“The question, therefore, is what role does social media play in human capital development? Put differently, how can the Igbo community utilize social media to ensure human capital development of its indigenes and consequently the development of Igbo land?”
“To answer this question, we need to cast our minds to the definition of Human Capital development which is ‘building on existing skills and knowledge. What are these existing skills and knowledge and how can we use social media to build on them?”
On Commerce, Akwarandu noted that “The Igbo economy is one of the most vibrant economies in Nigeria built firmly on the pillars of trade and commerce. We are known for our skills in trading and building sustainable markets. We have numerous successful businessmen and women all over the world engaging in import and export as well as a thriving Imuahia/ Igba odibo system which builds successive generations of business-savvy people. As a people, we can utilize social media to expand our markets far beyond its traditional vicinity while gaining access to markets all around the world.”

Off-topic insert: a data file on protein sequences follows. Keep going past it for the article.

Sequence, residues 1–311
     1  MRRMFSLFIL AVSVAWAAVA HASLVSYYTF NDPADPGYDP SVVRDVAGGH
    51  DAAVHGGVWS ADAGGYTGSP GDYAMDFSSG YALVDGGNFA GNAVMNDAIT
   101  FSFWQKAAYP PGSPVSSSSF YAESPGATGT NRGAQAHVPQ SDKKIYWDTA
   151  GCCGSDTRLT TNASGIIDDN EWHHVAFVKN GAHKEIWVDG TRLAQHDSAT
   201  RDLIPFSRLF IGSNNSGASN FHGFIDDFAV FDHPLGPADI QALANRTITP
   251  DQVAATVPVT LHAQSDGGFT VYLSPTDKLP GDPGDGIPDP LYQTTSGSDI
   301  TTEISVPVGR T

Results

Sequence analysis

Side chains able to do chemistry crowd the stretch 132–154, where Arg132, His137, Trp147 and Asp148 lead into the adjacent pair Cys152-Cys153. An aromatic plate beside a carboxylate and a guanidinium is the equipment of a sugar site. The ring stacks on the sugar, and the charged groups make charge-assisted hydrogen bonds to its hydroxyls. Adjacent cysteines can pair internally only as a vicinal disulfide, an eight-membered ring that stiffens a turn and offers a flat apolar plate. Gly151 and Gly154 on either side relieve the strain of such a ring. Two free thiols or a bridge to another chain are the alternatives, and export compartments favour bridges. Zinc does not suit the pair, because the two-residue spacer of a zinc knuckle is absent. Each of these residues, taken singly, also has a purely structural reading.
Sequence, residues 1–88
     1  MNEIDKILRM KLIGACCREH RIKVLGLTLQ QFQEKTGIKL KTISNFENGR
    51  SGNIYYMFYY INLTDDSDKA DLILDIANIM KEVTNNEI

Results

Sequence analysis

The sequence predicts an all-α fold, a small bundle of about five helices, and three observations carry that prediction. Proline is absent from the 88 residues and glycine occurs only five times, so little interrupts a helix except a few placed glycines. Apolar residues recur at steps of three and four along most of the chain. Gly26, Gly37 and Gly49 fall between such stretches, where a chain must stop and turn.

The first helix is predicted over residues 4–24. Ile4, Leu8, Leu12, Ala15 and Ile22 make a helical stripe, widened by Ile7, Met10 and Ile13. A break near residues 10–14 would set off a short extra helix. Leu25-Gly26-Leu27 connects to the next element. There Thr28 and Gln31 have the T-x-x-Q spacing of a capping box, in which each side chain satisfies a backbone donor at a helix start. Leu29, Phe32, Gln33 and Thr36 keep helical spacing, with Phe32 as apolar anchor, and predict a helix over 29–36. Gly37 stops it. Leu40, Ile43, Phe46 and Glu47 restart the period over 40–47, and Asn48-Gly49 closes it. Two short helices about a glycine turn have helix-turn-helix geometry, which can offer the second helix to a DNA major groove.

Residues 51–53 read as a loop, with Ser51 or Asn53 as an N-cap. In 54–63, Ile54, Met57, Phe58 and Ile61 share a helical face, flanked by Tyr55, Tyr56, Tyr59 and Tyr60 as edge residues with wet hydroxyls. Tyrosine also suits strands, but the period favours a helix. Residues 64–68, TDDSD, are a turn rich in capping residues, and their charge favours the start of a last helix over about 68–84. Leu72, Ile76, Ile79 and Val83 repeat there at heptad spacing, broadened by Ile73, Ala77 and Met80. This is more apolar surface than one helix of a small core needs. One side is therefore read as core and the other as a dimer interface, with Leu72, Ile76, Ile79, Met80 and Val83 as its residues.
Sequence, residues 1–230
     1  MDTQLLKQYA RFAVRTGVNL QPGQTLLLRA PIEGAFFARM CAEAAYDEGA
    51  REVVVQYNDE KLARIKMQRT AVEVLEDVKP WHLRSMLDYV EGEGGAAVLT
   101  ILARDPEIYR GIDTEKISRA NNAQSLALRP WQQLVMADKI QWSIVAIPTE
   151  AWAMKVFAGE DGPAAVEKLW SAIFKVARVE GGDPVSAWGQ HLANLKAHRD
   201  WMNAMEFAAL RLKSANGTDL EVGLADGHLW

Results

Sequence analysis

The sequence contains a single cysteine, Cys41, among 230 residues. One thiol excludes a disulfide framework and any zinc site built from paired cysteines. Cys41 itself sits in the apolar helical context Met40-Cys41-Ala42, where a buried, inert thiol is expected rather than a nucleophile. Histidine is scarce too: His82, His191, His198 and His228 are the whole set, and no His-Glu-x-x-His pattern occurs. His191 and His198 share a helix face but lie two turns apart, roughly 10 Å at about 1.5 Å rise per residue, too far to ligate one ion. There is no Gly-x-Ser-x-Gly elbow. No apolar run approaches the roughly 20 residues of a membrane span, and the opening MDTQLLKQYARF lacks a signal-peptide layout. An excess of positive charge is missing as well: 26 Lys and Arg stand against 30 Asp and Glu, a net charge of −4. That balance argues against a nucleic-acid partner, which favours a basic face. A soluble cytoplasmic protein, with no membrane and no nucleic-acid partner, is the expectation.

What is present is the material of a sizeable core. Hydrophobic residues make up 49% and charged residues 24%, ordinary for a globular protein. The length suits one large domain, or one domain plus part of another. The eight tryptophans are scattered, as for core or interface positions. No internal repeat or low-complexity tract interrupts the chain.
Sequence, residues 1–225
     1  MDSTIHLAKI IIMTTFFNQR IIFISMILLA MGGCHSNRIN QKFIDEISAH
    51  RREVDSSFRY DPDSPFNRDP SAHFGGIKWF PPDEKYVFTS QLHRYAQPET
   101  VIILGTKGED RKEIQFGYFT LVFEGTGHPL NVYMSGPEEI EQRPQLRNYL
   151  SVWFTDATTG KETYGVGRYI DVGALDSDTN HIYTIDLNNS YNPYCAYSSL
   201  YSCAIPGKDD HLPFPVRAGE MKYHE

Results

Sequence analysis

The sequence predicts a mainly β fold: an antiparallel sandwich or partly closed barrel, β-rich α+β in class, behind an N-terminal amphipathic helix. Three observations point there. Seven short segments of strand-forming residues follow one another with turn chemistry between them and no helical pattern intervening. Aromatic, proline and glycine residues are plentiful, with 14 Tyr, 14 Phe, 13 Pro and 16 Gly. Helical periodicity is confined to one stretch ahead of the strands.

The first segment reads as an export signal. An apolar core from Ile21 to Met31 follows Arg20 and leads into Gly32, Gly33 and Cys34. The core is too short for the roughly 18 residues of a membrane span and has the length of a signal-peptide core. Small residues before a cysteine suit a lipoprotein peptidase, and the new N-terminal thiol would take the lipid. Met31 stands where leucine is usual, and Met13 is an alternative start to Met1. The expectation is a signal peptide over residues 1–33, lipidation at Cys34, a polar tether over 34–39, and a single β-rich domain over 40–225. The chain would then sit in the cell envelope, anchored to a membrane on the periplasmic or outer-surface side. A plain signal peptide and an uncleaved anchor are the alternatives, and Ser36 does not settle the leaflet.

“For instance, in today’s world, the Igbo man selling electronics at Nkwo Nnewi can market his products and get immediate buyers through social media platforms. He can as well stay at a place, using social media platforms, order and receive goods worth billions without having to move an inch. Social media has become an avenue to promote, market and sell goods and services.”
“As Ndi Igbo, one of our greatest brands in Aba. Aba has over the years turned to an industrial hub where almost “everything” can be fixed. I make bold to say that Made in Aba products today have gained more prominence through Social Media. It is glad to note that Aba is currently holding a fashion week and this is amplified to the world through social media. Let us also understand that it is not yet Uhuru.”
“The Government must do more to fortify Aba to be a strong exporter of commodities. It is a fact to note that the best footwears, clothes, most of which are being used outside the region are all proud products of Aba.”